- You are disrespectful. You didn't have enough respect for those who conceived the original ideas or did important research on the topic to give them the credit they are due. In addition, you didn't have enough respect for the readers of your work to give them the facts of the situation.
- You are unprofessional. Being professional entails extedning a cerain level of courtesy to thers and following the fuidelines for a task, as well as acting ethically. By plagiarizing, you broadcast the fact that you do not care about professional standards and are neither courteous nor ethical. Is that the way you want o present yourself. Probably not. So take care not to plagiarize.
What If You Plagiarize Accidentally?
Maybe you didn’t deliberately plagiarize; maybe it was just an accident or an oversight, but ignorance or accident is really no excuse. You will be informed of the proper ways to cite information for your assignments, but if you aren’t, it is your responsibility to ask about it. Because plagiarism in itself is dishonest and sneaky, it can be difficult to give people who plagiarize the benefit of the doubt that it was not intentional.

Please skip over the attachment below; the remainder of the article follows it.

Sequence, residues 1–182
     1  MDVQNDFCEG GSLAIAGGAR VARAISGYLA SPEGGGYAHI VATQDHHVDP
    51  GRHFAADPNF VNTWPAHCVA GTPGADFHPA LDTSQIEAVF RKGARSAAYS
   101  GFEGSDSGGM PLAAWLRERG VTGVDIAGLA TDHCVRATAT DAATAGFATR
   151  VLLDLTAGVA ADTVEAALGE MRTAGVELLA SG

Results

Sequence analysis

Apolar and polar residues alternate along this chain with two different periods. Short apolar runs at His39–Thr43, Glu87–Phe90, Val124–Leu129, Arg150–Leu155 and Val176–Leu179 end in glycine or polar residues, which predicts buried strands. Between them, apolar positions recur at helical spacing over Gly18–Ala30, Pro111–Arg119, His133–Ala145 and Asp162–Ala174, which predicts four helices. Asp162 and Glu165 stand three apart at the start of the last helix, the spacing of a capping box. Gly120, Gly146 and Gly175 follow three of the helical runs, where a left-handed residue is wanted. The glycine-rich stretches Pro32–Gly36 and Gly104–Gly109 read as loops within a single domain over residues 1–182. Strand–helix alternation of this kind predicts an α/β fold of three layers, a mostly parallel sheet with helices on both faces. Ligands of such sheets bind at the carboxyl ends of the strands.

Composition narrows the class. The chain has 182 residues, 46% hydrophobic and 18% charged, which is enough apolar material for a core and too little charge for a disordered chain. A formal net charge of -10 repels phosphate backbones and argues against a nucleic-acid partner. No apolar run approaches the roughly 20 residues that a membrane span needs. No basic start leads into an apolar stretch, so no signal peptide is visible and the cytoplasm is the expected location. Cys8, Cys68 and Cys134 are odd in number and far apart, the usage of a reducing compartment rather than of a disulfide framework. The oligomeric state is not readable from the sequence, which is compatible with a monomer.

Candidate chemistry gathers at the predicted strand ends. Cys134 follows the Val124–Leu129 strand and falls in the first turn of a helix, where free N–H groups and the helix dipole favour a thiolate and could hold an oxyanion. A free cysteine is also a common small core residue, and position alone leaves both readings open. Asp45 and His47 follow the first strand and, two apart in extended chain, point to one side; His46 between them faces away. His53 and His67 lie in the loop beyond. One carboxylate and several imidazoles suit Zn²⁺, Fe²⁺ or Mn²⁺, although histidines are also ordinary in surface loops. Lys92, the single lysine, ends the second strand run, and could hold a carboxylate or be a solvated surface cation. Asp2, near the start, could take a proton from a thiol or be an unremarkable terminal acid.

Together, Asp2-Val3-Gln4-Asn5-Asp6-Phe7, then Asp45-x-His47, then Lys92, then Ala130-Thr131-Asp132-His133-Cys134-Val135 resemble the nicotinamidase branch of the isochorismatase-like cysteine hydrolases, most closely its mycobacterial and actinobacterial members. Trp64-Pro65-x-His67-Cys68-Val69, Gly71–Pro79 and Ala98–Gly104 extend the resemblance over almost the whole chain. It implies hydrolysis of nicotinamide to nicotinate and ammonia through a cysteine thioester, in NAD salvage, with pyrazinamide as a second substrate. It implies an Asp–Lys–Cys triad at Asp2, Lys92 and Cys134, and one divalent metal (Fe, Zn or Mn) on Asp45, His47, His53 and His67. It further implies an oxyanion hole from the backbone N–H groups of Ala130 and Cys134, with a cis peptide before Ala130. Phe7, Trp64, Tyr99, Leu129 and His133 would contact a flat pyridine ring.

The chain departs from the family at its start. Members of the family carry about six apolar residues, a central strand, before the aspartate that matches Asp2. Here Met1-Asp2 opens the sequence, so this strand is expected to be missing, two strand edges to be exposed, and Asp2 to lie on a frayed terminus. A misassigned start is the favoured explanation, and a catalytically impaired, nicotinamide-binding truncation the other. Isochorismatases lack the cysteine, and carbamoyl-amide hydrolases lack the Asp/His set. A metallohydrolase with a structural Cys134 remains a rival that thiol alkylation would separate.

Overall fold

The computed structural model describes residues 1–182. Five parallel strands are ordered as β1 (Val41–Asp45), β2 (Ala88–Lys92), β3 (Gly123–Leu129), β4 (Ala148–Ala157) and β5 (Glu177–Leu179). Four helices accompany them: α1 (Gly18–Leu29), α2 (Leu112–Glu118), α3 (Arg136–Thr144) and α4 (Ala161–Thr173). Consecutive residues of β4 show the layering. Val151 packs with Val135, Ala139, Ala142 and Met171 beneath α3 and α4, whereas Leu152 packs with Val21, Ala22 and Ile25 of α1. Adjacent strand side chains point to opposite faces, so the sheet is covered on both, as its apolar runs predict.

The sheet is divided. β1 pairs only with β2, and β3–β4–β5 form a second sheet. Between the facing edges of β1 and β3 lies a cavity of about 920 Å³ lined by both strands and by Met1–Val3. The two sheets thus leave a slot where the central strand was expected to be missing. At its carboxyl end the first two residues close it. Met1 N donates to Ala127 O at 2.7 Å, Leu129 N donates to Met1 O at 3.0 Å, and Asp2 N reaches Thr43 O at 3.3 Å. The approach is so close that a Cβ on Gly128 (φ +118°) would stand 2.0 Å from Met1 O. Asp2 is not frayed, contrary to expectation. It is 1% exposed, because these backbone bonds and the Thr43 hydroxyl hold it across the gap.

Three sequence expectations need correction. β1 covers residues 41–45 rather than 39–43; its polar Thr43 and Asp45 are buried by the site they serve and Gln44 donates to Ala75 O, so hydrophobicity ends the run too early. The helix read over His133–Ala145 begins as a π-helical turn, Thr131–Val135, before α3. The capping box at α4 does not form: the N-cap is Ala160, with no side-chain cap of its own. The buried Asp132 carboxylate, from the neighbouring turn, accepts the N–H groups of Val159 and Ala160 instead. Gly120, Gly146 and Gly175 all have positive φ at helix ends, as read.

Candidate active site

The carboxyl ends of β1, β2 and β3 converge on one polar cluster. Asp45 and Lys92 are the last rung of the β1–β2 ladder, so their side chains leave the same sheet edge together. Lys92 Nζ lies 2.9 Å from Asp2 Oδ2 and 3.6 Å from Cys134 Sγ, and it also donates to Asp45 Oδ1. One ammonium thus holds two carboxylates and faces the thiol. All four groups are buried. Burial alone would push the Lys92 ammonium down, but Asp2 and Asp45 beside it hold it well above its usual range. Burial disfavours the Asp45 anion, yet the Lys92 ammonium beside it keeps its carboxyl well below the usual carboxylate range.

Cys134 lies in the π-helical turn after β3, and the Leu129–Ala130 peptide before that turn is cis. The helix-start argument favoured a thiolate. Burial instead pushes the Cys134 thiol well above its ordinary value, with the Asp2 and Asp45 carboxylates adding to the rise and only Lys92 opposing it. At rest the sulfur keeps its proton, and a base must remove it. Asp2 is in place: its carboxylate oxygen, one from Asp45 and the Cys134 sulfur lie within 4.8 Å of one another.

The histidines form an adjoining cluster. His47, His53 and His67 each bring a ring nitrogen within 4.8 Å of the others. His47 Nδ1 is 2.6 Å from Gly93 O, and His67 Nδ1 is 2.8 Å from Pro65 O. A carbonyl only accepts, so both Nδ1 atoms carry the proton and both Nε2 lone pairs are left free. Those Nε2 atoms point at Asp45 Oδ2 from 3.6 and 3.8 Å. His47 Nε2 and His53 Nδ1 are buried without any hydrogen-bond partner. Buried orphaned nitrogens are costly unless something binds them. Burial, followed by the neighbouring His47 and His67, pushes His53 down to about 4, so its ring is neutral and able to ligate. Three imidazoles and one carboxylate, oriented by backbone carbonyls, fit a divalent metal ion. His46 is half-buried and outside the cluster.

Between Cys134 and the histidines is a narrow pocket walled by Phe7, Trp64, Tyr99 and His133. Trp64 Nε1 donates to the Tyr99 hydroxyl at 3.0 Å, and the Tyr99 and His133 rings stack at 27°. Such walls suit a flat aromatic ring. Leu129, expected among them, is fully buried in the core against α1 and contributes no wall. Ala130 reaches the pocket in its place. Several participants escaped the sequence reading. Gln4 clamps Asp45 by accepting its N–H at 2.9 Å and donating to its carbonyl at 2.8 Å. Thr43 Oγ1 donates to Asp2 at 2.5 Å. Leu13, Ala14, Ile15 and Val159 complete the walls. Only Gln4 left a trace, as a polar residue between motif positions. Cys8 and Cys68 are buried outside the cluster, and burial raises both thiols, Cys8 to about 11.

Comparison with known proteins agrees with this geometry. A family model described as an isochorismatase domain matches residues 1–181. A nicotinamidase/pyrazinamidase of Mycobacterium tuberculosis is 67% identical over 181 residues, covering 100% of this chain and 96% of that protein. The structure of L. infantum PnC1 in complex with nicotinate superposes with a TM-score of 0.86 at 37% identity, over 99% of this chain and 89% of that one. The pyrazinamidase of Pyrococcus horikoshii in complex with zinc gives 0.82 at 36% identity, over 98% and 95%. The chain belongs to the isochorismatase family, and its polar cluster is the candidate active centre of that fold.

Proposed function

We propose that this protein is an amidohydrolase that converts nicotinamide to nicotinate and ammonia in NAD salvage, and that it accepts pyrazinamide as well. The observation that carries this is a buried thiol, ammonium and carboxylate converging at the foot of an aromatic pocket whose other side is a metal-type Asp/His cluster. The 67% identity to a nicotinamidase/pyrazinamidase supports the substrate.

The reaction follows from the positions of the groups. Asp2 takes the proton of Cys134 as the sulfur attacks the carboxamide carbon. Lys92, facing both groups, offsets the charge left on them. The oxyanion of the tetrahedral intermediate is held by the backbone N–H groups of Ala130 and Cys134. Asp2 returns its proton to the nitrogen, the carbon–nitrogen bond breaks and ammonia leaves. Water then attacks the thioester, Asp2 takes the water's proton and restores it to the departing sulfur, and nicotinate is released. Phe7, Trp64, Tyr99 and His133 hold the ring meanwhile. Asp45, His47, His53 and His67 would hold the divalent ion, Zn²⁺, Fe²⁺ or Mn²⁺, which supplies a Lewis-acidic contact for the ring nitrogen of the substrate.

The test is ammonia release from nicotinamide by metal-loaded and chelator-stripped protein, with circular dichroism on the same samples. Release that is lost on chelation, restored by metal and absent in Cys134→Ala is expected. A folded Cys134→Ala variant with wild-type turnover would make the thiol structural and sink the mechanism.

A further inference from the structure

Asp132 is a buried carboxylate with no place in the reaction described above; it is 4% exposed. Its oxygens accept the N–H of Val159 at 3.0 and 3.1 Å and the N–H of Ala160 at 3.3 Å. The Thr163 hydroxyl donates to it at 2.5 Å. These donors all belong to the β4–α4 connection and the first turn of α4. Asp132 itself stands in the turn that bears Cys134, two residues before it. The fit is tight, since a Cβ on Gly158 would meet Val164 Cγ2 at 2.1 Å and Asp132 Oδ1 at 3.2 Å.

Although the penalties for plagiarism vary widely by instructor and institution, it is always regarded as a serious offense. Students who plagiarize may be asked to redo the assignment. They may receive a failing grade for the assignment or for the course. They may be put on academic probation, or they may even be expelled.
Common Instances of Plagiarism
Plagiarism occurs when students include a small part of another person’s work in their own without giving credit to the source or when students submit an entire paper or project created by another person. It can also occur when a whole paper is made up of small parts of others’ work.
There are websites where students can purchase complete papers written on a wide variety of subjects for common courses. Your instructor knows that, too. There are also websites instructors can visit, and just by putting in a small excerpt of text and doing a search, they can find out if a student has misrepresented a part or the whole of the work put forward as his or her own.